Canine Leptospirosis and Its Challenges
World Small Animal Veterinary Association World Congress Proceedings, 2010
T. Francey,, DACVIM
Berne, Switzerland

Read the French translation: La Leptospirose Canine--Nouveaux Défis

The infection of dogs with leptospires causes a wide spectrum of organ manifestations with injury to the kidney, liver, vasculature, blood, and lung. The resulting clinical picture can vary markedly between affected individuals and it tends to shift over time depending on prevailing leptospiral serovars or strains. The goal of this lecture is to review some of the clinical characteristics of canine leptospirosis, with particular emphasis on recent observations made in Europe and in Switzerland.

Leptospirosis: A Worldwide Zoonosis with a Local Significance

Leptospirosis is considered one of the most important zoonoses worldwide with tens of millions of human cases estimated to occur each year. As such, humans with direct and indirect contact with animals are likely to be exposed to and infected with this potentially life-threatening bacterial infection. The introduction of bivalent canine vaccines against Leptospira icterohaemorrhagiae and L. canicola four decades ago and their worldwide inclusion in the routine core vaccination programs of dogs has drastically reduced the number of canine cases diagnosed in most countries. In the last decade however, an increased number of canine cases has been reported, first in North America and now in some European countries. This increase seems to be linked to the emergence of "newer" non-vaccinal serovars in this species including L. bratislava, L. pomona, L. grippotyphosa, and L. australis. However, the resurgence of the disease and the observed serovar shift are likely to be associated with other predisposing parameters than only the lack of vaccinal protection to explain the re-emergence of the canine leptospirosis in developed countries. Climate changes, ease of rapid and extensive traveling, increased popularity of outdoor water sport activities, and expansion of the living habitat of humans and pet dogs are just a few examples of factors resulting in changes in our direct and indirect contact with potential carrier wildlife and the environment. Even the urban environment is changing and some studies in Brazil have demonstrated differences in the human manifestation of acute leptospirosis between cities and villages, including a higher prevalence of the severe pulmonary form in urban centers.1 Recent studies have shown a high prevalence of leptospirosis infection (12.6%, PCR) in small rodents of the inner-city of Zurich (Switzerland) and a high seroprevalence in urban wild boars in Berlin (Germany), supporting a common exposure of dogs even when confined to an urban environment.2,3 The interplay of these parameters is certainly very complex and dynamic. The study of their individual role in the resultant disease prevalence and manifestation in small animals will hopefully gain support from our better understanding of the biology of leptospires and from the development of more recent investigational technologies including newer PCR protocols and epidemiological modeling systems.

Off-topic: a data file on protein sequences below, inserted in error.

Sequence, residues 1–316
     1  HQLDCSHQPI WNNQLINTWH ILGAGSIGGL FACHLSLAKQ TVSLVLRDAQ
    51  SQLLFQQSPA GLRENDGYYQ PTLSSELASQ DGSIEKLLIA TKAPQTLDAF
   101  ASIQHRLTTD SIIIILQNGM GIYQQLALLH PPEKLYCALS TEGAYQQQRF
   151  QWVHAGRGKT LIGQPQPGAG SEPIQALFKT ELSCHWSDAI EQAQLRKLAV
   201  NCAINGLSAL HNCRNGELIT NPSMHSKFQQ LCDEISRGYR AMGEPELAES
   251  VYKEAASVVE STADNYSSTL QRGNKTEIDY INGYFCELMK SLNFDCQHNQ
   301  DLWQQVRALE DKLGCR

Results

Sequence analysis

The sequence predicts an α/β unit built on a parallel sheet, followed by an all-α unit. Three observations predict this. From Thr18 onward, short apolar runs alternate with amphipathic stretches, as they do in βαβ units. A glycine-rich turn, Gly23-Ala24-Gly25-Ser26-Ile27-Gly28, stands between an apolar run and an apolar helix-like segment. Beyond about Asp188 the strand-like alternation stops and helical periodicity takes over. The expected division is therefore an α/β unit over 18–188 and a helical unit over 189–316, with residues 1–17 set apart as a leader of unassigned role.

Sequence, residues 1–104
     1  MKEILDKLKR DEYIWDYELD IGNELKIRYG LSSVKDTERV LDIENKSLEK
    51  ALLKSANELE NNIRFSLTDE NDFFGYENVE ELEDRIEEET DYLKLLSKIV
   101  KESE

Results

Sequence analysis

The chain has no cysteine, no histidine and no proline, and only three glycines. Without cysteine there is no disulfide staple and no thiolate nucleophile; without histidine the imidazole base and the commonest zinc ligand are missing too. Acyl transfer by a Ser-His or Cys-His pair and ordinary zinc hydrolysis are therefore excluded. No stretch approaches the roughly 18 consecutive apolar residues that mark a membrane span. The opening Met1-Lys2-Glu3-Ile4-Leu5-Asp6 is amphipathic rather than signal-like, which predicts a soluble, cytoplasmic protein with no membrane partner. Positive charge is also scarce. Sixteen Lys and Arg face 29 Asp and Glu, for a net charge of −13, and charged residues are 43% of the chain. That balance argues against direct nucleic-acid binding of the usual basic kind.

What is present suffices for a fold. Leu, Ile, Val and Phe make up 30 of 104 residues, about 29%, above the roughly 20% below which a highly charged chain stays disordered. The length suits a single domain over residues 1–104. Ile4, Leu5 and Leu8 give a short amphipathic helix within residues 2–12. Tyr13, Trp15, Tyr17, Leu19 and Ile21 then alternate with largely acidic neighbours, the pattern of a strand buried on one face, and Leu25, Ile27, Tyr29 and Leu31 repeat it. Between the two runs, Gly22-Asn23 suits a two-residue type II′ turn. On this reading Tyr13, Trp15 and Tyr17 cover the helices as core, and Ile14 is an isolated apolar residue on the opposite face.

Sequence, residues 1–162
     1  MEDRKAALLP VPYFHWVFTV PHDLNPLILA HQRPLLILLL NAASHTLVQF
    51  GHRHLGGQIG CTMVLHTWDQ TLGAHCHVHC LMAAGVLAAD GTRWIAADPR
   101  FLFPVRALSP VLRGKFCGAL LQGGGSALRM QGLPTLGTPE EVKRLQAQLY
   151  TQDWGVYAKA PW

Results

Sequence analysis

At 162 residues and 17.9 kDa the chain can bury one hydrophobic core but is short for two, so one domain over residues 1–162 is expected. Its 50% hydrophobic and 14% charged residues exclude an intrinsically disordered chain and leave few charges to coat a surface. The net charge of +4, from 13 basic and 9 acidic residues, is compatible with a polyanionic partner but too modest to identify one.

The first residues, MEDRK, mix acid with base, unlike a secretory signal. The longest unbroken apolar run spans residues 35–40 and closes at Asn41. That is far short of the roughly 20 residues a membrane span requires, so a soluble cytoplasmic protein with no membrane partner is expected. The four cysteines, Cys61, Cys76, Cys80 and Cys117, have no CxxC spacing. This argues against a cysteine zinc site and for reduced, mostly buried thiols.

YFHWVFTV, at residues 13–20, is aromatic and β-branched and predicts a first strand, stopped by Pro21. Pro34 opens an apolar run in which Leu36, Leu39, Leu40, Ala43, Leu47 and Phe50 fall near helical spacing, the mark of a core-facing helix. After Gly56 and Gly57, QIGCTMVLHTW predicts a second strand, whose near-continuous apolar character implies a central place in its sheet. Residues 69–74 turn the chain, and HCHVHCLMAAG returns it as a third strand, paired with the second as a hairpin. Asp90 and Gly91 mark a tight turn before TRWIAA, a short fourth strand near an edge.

Considering the close contact of humans and dogs, canines are likely to represent not only a direct source of infection for humans, but being exposed to many similar environmental risk factors, dogs should probably be viewed as a sentinel species for humans. It would therefore seem reasonable to regard the currently observed increase in prevalence of canine leptospirosis as a warning for humans with potential similar exposure. This is even more important considering that human leptospirosis is not an infectious disease under official control and mandatory declaration in most countries. Prevalence of human cases is therefore difficult to assess and the disease is often considered to be underdiagnosed in western countries. Despite these difficulties, a reported increase in the incidence of human cases in Germany in recent years with a possible link to dogs seems to justify the view of canines as both a potential health risk and an important sentinel role for human leptospirosis.4